Friday, March 19, 2010

Vayakhel - Hahodesh (Aggadah)

For more teachings on the parashah, see the archives to this blog at March 2006, 2007, 2008, and 2009. See also the new postscript to Purim, in the "Purim" teachings below.

Passover and Compassion for the Downtrodden

This Shabbat, being the Shabbat proximate to Rosh Hodesh Nissan, we read Parshat Hahodesh, in spiritual and intellectual preparation for Pesah. I wish to share with readers a short essay on Parshat Hahodesh by Rabbi Yehudah Leib Ginzburg, a rabbi who lived in Denver Colorado during the early part of the twentieth century, from his book, Yalkut Yehudah (Vol. II: pp. 18-19).

He begins by asking a well-known question: Why do the Ten Commandments begin with the words ”I am the Lord your God who took you out of the land of Egypt” rather than with a proclamation that “I am God, the Creator of Heaven and Earth.” He follows this with another, cognate question: why, when the Torah presents the Ten Commandments a second time in Deuteronomy, does it give as the reason for Shabbat observance, “and you shall remember that you were slavers in the land of Egypt…” (Deut 5:15) rather than the Creation (“for in six days the Lord made heaven and earth, the sea and all that is therein…”) as it does in the first version in Exodus 20—the most striking single difference between the two versions of the Decalogue. Moreover, given that the latter version is considered by many exegetes as the more definitive one, this difference begs for interpretation.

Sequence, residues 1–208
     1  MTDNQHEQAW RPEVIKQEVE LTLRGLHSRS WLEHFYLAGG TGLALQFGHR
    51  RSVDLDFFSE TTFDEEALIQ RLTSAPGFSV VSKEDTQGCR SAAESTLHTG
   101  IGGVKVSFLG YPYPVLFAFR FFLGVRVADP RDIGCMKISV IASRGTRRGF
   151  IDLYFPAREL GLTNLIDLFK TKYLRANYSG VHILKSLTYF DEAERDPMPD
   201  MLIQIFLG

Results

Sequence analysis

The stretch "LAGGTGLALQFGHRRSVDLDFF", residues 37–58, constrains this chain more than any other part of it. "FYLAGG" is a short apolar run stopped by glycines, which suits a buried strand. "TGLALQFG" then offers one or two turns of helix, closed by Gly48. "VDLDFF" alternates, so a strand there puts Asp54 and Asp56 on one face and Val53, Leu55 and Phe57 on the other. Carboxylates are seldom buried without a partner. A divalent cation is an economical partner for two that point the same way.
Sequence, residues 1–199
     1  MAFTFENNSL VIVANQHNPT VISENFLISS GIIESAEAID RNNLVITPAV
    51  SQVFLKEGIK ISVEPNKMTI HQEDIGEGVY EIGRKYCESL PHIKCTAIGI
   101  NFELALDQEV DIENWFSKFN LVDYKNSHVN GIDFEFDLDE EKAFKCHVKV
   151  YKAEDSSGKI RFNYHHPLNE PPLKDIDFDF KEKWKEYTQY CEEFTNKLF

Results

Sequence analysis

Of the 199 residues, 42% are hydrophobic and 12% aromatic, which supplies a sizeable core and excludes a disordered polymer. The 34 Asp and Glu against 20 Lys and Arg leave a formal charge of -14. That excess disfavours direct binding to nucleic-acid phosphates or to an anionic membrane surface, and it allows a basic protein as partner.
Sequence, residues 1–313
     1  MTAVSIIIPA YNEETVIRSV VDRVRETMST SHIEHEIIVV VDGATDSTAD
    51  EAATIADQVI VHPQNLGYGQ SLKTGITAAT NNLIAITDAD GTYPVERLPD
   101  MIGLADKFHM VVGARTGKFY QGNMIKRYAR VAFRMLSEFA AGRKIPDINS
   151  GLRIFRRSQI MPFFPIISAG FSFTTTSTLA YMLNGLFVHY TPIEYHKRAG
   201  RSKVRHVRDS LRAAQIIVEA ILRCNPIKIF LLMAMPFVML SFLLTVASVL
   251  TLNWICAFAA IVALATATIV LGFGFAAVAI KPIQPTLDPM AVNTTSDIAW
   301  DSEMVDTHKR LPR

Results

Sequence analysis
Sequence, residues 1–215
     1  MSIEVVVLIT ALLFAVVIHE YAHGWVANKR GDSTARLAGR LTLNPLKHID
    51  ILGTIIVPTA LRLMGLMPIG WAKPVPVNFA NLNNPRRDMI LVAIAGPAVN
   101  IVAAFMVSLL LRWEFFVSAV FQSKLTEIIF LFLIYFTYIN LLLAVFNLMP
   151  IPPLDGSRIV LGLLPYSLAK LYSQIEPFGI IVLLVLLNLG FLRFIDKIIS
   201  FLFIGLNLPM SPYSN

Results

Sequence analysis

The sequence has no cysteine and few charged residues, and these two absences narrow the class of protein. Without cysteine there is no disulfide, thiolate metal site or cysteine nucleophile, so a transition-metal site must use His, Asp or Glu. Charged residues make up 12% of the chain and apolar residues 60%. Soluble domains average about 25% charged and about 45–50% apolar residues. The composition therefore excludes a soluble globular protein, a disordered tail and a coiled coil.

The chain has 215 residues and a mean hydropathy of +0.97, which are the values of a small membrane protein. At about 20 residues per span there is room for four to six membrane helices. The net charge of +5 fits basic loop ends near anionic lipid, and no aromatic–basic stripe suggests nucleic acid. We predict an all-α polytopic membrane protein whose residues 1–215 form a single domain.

His answer is both simple and surprising: were the Torah and our religious allegiance based upon the principle of Creation alone, this would imply a certain acceptance of nature as is. Yet the “state of nature” is marked by a constant struggle for survival, in which those who are stronger dominate those who are weak, without mercy or compassion, subjugating them to their will, or even snuffing out their lives at a whim. This is true in human society as it is in the animal kingdom: “Man is a wolf to man” (Homo homini lupus: Hobbes, quoting Platus) or, as they said in the playgrounds of my childhood, “Might makes right” (in Hebrew: כל דאלים גבר) or “the Law of the Jungle.” (This type of biological determinism is enjoying a comeback today, possibly encouraged by the ever more ruthless and competitive global economy, as a kind of crude rationale for the injustices and inequalities of the market economy; it is also used as a justification for such phenomena as that of wealthy and successful middle-aged men divorcing their wives of many decades for younger and allegedly sexier “trophy wives.”)